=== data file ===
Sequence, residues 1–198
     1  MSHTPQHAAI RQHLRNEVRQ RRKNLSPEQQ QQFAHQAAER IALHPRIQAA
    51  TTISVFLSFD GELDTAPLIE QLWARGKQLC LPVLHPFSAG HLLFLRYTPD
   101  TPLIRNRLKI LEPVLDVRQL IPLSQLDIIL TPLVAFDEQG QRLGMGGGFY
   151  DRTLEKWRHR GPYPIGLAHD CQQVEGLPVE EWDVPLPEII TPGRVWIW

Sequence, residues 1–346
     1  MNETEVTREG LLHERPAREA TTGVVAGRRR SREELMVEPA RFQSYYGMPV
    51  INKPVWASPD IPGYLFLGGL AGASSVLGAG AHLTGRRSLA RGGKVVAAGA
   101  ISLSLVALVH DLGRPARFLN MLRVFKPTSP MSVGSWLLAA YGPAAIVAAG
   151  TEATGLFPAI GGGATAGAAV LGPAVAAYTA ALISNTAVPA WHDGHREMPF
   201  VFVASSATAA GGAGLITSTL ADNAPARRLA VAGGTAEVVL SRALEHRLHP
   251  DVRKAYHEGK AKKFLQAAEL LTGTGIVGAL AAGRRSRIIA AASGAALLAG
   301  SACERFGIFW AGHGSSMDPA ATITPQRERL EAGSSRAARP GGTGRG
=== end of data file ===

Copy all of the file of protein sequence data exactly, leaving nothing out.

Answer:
Sequence, residues 1–198
     1  MSHTPQHAAI RQHLRNEVRQ RRKNLSPEQQ QQFAHQAAER IALHPRIQAA
    51  TTISVFLSFD GELDTAPLIE QLWARGKQLC LPVLHPFSAG HLLFLRYTPD
   101  TPLIRNRLKI LEPVLDVRQL IPLSQLDIIL TPLVAFDEQG QRLGMGGGFY
   151  DRTLEKWRHR GPYPIGLAHD CQQVEGLPVE EWDVPLPEII TPGRVWIW

Sequence, residues 1–346
     1  MNETEVTREG LLHERPAREA TTGVVAGRRR SREELMVEPA RFQSYYGMPV
    51  INKPVWASPD IPGYLFLGGL AGASSVLGAG AHLTGRRSLA RGGKVVAAGA
   101  ISLSLVALVH DLGRPARFLN MLRVFKPTSP MSVGSWLLAA YGPAAIVAAG
   151  TEATGLFPAI GGGATAGAAV LGPAVAAYTA ALISNTAVPA WHDGHREMPF
   201  VFVASSATAA GGAGLITSTL ADNAPARRLA VAGGTAEVVL SRALEHRLHP
   251  DVRKAYHEGK AKKFLQAAEL LTGTGIVGAL AAGRRSRIIA AASGAALLAG
   301  SACERFGIFW AGHGSSMDPA ATITPQRERL EAGSSRAARP GGTGRG